We live in anxious times. But many times in our past were far more anxious, and the reasons for anxiety then were more compelling. Consider, for example, the situation facing the world in the early months of 1941, when Hitler’s triumphant armies controlled continental Europe, when only the British Isles managed to hold out, and when the future of liberty looked very dim—indeed, when civilization itself seemed imperiled. Yet at that moment, the novelist John Dos Passos chose to pen these words: “In times of change and danger when there is a quicksand of fear under men’s reasoning, a sense of continuity with generations gone before can stretch like a lifeline across the scary present.”

He must have been tempted to declare, as journalists like to do, that the present situation was utterly without precedent and that the past had nothing to teach the present. After all, had the world ever before seen a more fearsome and pitiless fighting machine than the one that Adolf Hitler had assembled? But Dos Passos chose to convey an exactly opposite message. He urged that we look backward to a past that could be a source of sanity and direction, a lifeline of sustenance and instruction.

Such training of the mind and memory ought to be at the core of an education for democratic citizenship. We neglect an essential element in the formation of citizens when we fail to supply young people with a full, accurate, and responsible account of their own country. That is what the formal study of American history should provide. Our knowledge of such things does not come to us automatically, by birth, or by cultural osmosis. The knowledge must be acquired and, once taken in, needs to be made our own, part of a shared consciousness and common memory.

And that is something that we are consistently failing to do. The evidence is overwhelming and incontestable. In fact, the most recent test administered by the National Assessment of Educational Progress, sometimes called “The Nation’s Report Card,” shows continuing decline in (already-low) history and geography scores and flatlining in civics scores. The explanations adduced for this abysmal performance are many, and the barriers thrown up by the surrounding culture are formidable. But the bottom line is that we must recommit ourselves to the teaching of both history and civics—and to the recognition that the two belong together. As Eliot Cohen of Johns Hopkins University has aptly expressed it, “Without history, there is no civic education, and without civic education there are no citizens. Without citizens, there is no free republic. The stakes, in other words, could not be higher.”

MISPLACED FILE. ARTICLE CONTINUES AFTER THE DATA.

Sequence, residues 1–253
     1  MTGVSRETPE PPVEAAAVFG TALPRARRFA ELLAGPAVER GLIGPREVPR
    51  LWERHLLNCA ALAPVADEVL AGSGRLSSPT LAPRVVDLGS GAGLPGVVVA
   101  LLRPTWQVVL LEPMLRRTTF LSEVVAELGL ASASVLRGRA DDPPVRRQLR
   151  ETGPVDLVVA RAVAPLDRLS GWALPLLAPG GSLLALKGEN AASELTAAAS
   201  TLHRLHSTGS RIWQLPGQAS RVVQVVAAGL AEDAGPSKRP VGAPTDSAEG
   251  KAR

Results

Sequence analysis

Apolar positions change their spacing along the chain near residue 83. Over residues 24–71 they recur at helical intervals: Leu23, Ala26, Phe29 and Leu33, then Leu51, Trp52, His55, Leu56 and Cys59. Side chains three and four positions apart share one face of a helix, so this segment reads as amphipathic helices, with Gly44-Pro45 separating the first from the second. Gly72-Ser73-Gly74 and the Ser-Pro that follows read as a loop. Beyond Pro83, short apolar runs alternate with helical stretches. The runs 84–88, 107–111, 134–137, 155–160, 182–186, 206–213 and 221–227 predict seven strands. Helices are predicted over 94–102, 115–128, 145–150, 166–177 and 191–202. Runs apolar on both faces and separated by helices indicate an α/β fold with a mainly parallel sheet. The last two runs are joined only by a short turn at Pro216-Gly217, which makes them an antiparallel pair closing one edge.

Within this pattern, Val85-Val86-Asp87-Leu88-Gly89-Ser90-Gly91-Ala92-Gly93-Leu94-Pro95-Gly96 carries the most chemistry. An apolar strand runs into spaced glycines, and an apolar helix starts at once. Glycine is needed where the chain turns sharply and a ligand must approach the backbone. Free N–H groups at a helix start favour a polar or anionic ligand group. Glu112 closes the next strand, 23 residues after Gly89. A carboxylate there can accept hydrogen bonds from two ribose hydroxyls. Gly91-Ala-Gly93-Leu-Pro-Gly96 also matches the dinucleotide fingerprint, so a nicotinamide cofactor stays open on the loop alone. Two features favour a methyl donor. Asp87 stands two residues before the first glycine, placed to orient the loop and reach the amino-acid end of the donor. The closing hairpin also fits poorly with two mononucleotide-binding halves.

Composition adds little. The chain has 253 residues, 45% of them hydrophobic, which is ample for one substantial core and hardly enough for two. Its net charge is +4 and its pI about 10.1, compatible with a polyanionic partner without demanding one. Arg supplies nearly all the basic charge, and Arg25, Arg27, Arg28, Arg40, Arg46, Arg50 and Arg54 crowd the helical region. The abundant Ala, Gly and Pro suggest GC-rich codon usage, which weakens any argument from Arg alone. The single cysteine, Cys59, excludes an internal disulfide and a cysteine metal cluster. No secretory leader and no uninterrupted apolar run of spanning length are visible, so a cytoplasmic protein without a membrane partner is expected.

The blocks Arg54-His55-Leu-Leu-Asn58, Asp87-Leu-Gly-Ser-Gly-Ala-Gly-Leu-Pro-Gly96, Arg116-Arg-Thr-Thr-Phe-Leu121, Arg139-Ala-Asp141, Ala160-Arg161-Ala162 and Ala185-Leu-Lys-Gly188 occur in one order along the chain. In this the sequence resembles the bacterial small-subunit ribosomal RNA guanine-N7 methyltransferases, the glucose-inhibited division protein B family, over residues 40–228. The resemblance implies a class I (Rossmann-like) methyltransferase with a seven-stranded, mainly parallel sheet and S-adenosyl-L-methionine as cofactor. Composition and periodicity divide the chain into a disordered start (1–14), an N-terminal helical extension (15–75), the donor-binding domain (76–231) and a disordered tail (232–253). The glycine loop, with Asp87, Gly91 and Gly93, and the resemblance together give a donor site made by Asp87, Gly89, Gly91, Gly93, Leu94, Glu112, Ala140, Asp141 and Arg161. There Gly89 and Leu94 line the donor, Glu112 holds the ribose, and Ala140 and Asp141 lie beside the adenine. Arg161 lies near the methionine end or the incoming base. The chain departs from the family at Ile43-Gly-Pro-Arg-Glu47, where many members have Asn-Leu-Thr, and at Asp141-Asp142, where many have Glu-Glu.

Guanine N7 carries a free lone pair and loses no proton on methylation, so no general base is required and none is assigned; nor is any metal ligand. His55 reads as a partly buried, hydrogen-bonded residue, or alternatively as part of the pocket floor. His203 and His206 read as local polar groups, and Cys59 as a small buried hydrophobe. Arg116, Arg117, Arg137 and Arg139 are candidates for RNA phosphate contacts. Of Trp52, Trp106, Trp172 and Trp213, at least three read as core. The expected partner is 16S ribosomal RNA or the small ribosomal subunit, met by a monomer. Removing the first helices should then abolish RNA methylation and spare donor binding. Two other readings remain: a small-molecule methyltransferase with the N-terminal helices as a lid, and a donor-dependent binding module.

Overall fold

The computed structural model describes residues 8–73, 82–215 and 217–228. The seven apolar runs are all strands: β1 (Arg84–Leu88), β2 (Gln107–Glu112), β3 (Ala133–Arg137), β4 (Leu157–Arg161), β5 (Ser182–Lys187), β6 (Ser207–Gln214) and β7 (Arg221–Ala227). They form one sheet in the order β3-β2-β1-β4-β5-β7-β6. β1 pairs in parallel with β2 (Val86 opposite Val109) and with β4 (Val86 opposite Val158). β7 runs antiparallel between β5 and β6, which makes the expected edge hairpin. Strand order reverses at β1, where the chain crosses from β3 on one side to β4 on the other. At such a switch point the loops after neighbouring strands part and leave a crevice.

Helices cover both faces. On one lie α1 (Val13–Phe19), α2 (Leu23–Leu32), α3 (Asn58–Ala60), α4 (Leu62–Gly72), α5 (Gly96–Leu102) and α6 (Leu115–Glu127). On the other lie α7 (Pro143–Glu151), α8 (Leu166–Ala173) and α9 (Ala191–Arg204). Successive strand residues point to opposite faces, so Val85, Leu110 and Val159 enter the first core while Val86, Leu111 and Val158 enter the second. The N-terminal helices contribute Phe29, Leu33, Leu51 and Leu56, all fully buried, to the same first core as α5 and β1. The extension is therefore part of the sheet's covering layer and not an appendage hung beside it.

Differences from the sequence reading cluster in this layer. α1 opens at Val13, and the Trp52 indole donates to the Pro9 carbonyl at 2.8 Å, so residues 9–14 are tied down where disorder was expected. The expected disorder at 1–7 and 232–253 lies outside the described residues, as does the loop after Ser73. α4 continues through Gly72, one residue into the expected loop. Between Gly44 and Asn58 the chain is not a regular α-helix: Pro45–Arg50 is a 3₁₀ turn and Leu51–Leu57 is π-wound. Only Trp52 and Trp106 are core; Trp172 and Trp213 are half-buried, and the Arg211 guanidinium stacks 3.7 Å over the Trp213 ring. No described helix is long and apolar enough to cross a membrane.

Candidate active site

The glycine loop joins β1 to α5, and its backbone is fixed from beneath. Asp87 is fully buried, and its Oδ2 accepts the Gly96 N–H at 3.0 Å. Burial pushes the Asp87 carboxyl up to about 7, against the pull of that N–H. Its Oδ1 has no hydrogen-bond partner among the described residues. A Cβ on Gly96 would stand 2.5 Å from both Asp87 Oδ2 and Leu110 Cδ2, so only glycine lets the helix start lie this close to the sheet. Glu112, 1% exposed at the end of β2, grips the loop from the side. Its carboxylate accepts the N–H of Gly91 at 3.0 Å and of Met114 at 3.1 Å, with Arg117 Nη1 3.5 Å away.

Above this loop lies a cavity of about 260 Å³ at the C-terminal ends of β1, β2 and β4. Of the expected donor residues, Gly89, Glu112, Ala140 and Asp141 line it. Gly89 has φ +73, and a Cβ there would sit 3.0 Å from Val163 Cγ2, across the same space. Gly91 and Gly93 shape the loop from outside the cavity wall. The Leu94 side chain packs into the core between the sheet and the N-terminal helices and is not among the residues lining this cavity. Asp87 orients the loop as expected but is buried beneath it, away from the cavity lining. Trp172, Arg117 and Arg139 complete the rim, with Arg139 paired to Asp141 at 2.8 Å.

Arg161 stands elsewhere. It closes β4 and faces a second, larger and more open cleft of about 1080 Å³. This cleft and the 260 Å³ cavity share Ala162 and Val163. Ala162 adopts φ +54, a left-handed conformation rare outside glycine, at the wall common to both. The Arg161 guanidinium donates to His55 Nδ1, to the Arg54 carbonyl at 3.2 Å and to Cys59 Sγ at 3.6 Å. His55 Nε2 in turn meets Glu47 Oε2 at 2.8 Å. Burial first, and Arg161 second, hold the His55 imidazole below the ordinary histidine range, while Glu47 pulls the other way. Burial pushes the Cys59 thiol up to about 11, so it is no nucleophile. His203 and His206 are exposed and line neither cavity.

All of which is true—but something more needs attending to in the work of civic education. Tracking scores on standardized tests can provide useful, if limited, data about the state of our historical knowledge. But the scores cannot tell us about the depth and quality of that knowledge or the extent to which those who possess it feel a genuine and living connection to it—that is, a felt connection to their own past. That connection is what we most need to recover. It is as much a task of the heart as it is of the head, of shared meanings as much as shared facts.

The word “citizenship” has lost much of the noble luster that it once had, just as “civics” has wound up demoted to a kind of “user’s guide” to the machinery of government. Both words deserve better. Citizenship is not merely about voting but also about membership in a society of civic equals—citizens, not subjects, whose respect for one another’s equal standing under the law is a guiding moral premise of the democratic way of life.